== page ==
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Sandhills, Hawley's Proposed Reclamation of

Conservation and prison reform were combined in a proposal by R. A. Hawley for the reclamation of the Sandhills of Nebraska in 1893. Hawley believed it feasible to plant the Sandhills with selected varieties of trees using convict labor guarded by federal troops stationed at frontier military posts. The Nebraska State Journal of Lincoln on August 6, 1893, included a letter from Hawley discussing his proposal.

Hawley said, "It has been my privilege to travel over nearly all the territory known as 'the sand hills' by rail and stage or carriage until I may claim to be somewhat familiar with their topography and the possibilities of their reclamation for the purposes of agriculture. It is my belief that a judicious application of the principles of forestry will go far toward reclaiming these arid lands and cause what is now little more than a dessert to blossom as the rose. . . .

"It is plainly apparent that this enormous task cannot be undertaken on so large a scale at private expense, besides being in the nature of a public benefit it might properly be done at state expense. I am aware that the planting of millions of trees sufficient to accomplish the end wrought would involve an enormous expense if done in the ordinary way, but in order to reduce the cost to the minimum I suggest that such of the convict labor within our penitentiary as may be trusted under guard to do this work be utilized for this purpose. . . .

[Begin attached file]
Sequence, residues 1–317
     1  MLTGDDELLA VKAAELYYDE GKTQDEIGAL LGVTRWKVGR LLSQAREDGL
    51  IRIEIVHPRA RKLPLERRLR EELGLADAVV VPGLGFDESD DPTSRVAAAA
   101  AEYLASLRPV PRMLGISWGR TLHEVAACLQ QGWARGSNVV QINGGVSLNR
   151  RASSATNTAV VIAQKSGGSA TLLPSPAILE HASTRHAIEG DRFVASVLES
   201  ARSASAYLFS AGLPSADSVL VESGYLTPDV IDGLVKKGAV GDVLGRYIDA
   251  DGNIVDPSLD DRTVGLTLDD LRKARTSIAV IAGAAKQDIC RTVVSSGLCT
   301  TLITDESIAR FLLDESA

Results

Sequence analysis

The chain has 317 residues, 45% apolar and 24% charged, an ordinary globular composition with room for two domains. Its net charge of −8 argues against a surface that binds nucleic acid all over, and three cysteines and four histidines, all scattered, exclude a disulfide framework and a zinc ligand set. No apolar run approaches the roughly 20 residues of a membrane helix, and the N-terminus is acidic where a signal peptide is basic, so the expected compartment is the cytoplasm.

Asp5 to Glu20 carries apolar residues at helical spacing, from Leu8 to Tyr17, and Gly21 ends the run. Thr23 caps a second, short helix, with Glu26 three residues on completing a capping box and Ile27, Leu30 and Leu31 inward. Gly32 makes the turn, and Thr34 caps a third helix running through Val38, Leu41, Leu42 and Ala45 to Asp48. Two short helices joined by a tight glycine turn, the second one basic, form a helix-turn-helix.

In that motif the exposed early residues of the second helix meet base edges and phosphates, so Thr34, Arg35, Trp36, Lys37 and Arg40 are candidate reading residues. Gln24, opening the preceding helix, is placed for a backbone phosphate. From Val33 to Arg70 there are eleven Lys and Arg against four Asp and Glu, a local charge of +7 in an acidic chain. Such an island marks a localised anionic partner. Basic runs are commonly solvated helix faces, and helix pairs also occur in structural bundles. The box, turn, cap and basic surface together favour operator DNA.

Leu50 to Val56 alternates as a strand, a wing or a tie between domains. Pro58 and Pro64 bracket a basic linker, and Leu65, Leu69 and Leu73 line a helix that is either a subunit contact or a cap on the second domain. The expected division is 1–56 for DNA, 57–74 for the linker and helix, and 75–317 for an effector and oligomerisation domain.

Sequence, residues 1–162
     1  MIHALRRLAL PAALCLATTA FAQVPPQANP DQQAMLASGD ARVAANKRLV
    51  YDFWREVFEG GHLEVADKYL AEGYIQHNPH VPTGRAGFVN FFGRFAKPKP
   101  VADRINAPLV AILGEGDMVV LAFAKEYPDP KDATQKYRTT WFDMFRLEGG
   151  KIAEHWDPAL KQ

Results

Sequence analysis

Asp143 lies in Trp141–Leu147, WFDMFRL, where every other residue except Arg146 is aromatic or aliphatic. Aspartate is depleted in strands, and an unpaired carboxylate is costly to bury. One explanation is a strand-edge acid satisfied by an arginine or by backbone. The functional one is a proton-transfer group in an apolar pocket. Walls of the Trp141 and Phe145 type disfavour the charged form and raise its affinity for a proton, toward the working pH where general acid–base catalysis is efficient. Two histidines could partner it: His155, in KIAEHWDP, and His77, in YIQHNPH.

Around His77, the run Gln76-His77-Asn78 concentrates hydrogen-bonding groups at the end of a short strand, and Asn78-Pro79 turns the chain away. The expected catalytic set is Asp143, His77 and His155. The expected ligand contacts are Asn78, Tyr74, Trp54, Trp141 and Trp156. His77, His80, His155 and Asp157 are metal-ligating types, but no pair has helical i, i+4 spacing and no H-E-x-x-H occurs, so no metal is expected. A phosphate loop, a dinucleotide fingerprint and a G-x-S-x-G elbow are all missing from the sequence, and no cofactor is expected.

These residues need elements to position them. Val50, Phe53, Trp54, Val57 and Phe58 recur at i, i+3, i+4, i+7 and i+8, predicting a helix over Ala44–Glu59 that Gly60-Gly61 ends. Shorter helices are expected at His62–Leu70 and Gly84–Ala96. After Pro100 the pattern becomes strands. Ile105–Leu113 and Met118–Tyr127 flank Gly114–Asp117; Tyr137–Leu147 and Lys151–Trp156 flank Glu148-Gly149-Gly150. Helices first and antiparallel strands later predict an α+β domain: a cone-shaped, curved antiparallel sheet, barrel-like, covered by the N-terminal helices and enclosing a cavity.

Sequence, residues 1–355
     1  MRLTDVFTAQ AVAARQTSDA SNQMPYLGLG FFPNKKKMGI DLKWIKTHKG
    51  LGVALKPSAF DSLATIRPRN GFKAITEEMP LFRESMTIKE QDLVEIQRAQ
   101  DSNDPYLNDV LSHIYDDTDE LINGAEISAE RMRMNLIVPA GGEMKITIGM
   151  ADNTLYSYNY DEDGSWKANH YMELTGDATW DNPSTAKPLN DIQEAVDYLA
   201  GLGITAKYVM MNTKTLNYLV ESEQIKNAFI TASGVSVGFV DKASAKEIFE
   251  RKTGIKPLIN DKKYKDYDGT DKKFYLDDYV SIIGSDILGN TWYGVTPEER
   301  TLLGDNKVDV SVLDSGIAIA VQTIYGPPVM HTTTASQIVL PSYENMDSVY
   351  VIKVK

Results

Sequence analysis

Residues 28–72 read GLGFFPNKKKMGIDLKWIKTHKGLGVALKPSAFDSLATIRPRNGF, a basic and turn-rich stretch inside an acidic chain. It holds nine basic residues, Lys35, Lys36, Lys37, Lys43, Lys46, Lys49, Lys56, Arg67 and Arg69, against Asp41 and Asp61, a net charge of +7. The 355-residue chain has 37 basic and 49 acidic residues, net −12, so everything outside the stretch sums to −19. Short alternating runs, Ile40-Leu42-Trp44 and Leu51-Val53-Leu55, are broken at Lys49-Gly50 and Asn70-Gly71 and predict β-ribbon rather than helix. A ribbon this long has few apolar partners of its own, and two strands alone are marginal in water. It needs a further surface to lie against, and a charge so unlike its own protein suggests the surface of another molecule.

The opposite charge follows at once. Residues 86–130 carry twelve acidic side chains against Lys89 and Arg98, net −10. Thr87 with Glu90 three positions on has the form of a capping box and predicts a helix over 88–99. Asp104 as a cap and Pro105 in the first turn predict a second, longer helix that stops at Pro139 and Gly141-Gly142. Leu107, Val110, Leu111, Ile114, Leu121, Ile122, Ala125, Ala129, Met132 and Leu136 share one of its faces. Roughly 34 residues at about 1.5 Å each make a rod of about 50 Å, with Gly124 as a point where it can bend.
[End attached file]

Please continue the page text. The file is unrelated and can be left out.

"The convicts so employed might be guarded by details of the United States government troops stationed at the frontier posts at no expense to the state if the general government would cooperate to that extent, which it ought certainly to do, much of the lands to be improved belonging to the government. The convicts cost us about $165,000 yearly, or about $400 apiece, and the army as much more from which only a few political favorites derive any substantial benefit. The plan suggested would give the convicts the opportunity to support themselves from the garden patches cultivated during the period of their out door employment and permanently benefit the state through coming generations by their labor."

Hawley must have suspected that there would be opposition to his plan. He stated that during a recent visit to Fort Robinson he had discussed the idea with officers and soldiers there, and concluded, "While the scheme may appear chimerical at first sight it is worth consideration and may yet prove to be of inestimable value to the state."

(April 2005)



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